Let’s get sappy first. I made memories — irreplaceable, precious memories. I spent a good deal of time with my grandmothers during my vacation. I think they’re doing great for gals in their 80’s, but I’m not naïve. There’s a lot of physical distance between us so visits are infrequent and I can never be sure when goodbye is really goodbye.
We did a lot together. We cooked, cleaned, shared meals, ran errands, attended local social events, and even sat in companionable silence watching Animal Planet or cop shows from the 70’s. It was wonderful.
One of my grandmothers is the queen of knitting and has been after me for YEARS to let her teach me how. I finally relented (it just didn’t appeal to me before) and I quickly mastered two different types of looms. In a few short days, I made a scarf (she put on the trim) and a winter hat. (Photographic proof below!)
She was so proud of me (OK, I was pleased with myself, too) and just so tickled to share what she loves with who she loves. I’m forever grateful for that time.
Overcoming the Unease
So you see — idle hands didn’t do the Devil’s work. They brought joy to both myself and those who are very dear to me.
When I realized that I was doing just fine without my laptop and personal finance articles, I decided to keep the computer away for the duration of my trip.
I’d be lying if I said I didn’t think about business stuff. Heck, I checked my email on my phone, booked a prospective client call for later in the month, and wrote a few reminders for myself. But I didn’t earn a single dollar for 10 whole days — and I lived to tell about it.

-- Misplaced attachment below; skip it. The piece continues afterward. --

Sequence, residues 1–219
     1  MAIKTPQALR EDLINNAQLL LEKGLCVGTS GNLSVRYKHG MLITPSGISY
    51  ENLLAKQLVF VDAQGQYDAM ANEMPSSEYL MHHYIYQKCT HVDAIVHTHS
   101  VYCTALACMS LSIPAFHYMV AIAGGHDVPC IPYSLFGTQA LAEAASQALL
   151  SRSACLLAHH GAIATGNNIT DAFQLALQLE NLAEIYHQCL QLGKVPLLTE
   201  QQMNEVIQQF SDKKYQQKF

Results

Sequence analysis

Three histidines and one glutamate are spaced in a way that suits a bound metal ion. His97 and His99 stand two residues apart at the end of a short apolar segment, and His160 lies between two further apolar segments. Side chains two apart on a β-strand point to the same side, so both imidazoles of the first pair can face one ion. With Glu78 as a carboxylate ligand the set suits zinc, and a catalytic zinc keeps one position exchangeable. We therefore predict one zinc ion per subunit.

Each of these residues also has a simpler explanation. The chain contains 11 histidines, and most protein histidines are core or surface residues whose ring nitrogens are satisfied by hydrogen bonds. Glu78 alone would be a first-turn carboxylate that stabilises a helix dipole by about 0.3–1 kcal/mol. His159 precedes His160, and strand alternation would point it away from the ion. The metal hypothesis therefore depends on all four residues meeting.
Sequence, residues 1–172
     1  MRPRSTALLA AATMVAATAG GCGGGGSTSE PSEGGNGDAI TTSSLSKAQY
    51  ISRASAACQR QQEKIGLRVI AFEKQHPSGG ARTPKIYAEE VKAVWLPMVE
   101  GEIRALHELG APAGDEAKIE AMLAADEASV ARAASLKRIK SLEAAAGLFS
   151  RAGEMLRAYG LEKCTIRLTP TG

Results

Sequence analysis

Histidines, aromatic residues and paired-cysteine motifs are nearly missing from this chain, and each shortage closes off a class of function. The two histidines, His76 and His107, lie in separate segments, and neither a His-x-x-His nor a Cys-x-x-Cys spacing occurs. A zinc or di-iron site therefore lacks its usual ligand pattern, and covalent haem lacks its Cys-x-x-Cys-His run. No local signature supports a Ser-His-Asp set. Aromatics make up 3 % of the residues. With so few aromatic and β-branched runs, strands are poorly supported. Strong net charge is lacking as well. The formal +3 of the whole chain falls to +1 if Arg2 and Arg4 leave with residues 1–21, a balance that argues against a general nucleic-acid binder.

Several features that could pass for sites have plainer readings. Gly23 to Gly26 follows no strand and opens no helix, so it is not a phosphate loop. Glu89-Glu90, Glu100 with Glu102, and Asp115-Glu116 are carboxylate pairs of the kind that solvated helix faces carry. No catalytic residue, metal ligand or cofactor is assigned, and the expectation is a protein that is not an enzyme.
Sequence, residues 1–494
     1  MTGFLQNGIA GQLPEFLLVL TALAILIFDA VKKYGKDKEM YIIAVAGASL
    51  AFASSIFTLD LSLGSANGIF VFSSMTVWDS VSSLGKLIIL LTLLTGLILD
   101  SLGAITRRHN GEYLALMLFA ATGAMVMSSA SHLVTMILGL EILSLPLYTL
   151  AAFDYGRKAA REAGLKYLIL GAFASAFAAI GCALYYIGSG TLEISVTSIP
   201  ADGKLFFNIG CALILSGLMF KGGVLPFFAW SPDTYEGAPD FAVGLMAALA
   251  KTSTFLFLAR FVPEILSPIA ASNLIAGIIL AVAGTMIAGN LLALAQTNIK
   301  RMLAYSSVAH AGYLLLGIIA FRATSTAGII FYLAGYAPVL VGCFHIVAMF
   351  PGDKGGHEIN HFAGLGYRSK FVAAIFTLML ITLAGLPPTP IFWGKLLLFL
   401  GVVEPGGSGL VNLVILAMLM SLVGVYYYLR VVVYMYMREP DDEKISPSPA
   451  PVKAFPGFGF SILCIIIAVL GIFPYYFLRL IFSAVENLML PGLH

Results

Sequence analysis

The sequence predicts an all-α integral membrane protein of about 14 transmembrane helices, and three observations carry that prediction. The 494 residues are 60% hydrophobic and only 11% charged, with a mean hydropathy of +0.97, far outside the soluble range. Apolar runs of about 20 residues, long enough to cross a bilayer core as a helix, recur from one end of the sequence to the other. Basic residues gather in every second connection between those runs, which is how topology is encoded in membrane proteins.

The sky isn’t falling. June’s bills will be paid. I still have a small cushion in the bank. Yep, pretty much how I left it.
Of course, I take my business very seriously and I’m ratcheting things up for the summer — because that’s how I am. But I know that I have to get over myself sometimes and just hit pause. I’m not so important, so big, so influential that a week away is going to cause my financial world to crumble.
The notion is both freeing (for obvious reasons) and humbling. I couldn’t always do something like this. Many others can’t and may never be able to. If I were truly living paycheck to paycheck (been there!), I wouldn’t be able to take 33% of a month off and just be OK with it. But I can — and dang it, I will again!
If you’re able — please consider doing it, too.
Tools of the (Paused) Trade
If (when!) you decide to give your brain a break, there are a few things you can do to keep the anxiety at bay:
- Create your posts and email blasts in advance and then schedule them to publish while you’re away. Platforms like WordPress and ConvertKit make this super easy.
- Use a program like Smarterqueue that posts to your social profiles and pages automatically. Just load up the queue with what you want to run and it will take care of the rest.
- Hire a VA to respond to emails, schedule posts, follow up on social media comments, etc.
I did the first two bullets before my trip and it helped quite a bit. I at least knew that my name was going to stay out there even though I was physically somewhere else. Eventually, I’d love to hire a VA. If I hit my income goals, I may be able to do this at the end of this year or the beginning of next.
For a post on being lazy, this one sure ran long. But it felt good to write it. I’m not sure that I will ever just be able to sit quietly, without thinking about my mega list of goals. But the actions I took during my vacation were steps in the right direction. Next time I fly home, I may just leave my laptop where it belongs — on my desk in FL.
Tell me: Do you struggle to turn your brain off and to step away from your work? What do you do to help with this?
I don’t struggle to step away because life usually gets in the way before I have a chance to burn out from my work. I do agree that it’s good to step away from your work once in awhile. It’s just hard to find your groove again. That’s the hardest part in my opinion.
It can definitely be hard to find the groove again! I hope you get to tell life when it’s time for a break one day soon. I’ve been commanded to stop by circumstance and not my own idea before, too. It’s usually a blessing (even if the situation that prompted the break is sad or hard).